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Terminating An Iteration June 21, 2006

Posted by newyorkscot in Agile.
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A few of us were discussing what would constitute a change in requirements that would cause a development iteration (or Sprint in Scrum terminology) to be abnormally terminated, ie what would be so serious (and/or costly) that you simply could not carry on with development ? Here's a recent example (kind of) from the aerospace industry..

Airbus's new A380 is facing production difficulties which does not bode well given the relative success (or progress) of its competitor, the Boeing 787 "Dreamliner" : the 787 is made of lighter composite materials that allow higher cabin pressure and humidity, adding to passengers’ comfort, as well as providing a wider layout for more seating. Airbus has therefore tried to counter the 787's relative success by "refactoring" its existing A330 aircraft to create a new A350 (in addition to continuing the A380)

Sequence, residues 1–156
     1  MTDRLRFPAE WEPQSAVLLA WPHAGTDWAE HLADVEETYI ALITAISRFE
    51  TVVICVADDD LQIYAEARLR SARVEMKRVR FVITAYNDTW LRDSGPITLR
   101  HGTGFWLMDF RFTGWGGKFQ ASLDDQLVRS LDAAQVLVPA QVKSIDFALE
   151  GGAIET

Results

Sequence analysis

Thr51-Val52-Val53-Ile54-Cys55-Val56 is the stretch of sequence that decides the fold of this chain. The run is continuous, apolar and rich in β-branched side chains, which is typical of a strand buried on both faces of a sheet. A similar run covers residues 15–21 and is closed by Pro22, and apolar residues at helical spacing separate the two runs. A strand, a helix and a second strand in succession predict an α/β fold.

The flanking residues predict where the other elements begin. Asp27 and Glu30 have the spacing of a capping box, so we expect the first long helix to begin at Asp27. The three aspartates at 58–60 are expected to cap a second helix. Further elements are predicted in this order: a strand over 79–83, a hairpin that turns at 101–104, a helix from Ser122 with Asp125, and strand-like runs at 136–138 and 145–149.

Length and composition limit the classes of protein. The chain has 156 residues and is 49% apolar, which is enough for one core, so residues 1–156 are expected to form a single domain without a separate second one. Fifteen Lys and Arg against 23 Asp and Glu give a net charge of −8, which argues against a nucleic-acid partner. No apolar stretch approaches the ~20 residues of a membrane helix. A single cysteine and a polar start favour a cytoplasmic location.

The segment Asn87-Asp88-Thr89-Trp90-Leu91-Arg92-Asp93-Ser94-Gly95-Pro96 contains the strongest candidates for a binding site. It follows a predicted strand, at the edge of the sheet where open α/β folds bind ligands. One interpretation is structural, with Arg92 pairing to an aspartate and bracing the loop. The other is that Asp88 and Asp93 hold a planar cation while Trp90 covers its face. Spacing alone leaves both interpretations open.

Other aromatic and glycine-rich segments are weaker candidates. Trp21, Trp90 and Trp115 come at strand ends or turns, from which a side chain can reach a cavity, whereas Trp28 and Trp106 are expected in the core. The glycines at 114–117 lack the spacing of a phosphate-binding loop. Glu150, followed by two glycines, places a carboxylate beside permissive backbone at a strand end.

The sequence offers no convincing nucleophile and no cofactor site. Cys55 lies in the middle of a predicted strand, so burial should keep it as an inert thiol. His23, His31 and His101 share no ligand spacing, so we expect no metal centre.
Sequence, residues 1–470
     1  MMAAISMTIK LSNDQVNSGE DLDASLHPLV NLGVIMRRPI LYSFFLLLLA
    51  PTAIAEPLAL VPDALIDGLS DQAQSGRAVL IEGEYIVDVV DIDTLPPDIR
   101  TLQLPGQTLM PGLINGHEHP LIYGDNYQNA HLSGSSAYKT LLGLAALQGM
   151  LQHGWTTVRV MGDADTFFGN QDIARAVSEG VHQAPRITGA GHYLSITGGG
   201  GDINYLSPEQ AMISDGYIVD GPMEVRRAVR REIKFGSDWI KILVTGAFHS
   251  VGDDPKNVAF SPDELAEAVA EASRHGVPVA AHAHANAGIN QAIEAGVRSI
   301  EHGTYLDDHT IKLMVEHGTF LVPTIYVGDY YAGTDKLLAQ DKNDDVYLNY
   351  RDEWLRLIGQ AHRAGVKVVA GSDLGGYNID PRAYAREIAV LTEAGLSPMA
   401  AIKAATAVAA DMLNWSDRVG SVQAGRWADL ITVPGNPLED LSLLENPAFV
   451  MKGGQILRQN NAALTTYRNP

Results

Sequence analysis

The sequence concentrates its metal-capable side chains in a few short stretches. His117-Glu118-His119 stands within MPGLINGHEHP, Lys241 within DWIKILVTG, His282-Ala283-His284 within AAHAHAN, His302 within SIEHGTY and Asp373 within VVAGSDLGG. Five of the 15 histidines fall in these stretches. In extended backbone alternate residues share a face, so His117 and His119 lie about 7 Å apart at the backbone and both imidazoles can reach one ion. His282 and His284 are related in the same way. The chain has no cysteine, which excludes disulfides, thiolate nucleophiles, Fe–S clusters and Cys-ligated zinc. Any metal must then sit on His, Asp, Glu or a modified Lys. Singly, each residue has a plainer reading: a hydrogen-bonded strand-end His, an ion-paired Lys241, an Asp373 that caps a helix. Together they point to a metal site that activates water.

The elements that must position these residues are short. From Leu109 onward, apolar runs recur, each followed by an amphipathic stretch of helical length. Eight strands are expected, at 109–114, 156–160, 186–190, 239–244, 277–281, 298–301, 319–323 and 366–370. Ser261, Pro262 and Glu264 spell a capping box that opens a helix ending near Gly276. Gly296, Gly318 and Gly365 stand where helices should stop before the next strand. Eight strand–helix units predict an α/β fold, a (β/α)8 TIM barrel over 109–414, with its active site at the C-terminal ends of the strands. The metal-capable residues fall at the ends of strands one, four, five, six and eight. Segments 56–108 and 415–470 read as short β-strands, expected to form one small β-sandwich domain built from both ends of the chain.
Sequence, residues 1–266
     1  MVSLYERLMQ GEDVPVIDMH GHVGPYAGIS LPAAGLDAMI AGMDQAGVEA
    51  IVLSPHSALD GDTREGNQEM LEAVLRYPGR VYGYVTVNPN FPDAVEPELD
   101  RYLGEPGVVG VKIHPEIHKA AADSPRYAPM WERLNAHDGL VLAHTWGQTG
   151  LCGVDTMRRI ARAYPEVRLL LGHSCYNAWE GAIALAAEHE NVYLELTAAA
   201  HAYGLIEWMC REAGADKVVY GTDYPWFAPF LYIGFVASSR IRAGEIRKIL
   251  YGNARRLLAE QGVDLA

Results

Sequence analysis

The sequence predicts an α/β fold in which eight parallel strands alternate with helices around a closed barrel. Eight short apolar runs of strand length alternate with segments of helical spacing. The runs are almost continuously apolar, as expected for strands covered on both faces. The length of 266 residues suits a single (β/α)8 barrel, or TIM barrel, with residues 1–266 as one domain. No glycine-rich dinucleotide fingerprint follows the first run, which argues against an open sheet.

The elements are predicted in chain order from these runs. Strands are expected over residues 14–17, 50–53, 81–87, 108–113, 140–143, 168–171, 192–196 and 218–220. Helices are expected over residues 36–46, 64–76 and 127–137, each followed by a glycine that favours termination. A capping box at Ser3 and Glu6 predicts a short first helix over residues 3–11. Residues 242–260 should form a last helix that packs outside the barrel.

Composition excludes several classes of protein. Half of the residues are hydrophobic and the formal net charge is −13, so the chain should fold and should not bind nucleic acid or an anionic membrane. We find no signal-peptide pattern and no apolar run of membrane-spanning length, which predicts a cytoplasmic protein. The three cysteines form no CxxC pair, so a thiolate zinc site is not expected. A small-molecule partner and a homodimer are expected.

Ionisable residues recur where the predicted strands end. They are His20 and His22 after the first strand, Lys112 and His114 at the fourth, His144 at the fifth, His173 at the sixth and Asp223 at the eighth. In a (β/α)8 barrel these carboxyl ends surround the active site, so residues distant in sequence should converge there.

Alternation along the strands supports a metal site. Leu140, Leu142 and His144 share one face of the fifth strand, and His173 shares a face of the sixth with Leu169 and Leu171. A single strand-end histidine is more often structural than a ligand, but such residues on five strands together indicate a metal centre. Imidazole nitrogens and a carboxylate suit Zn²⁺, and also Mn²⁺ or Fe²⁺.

However, during development of the new A350, Airbus found out that the airlines actually want a "wider fuselage" – that would have been a nice requirement to know about at time of upgrade specification !!  This was always going to be a very expensive refactoring effort from A330 to A350 ($5bn), but not as costly as ignoring the change in requirements. Hey –what's an addition $5bn when all you have to lose is most of your market share to Boeing ?

(OK, so their development cycles are a touch more than 30 days, and they are probably pretty spec/documentation heavy, amongst other non-agile activities, but at least they listened to their customers ! )

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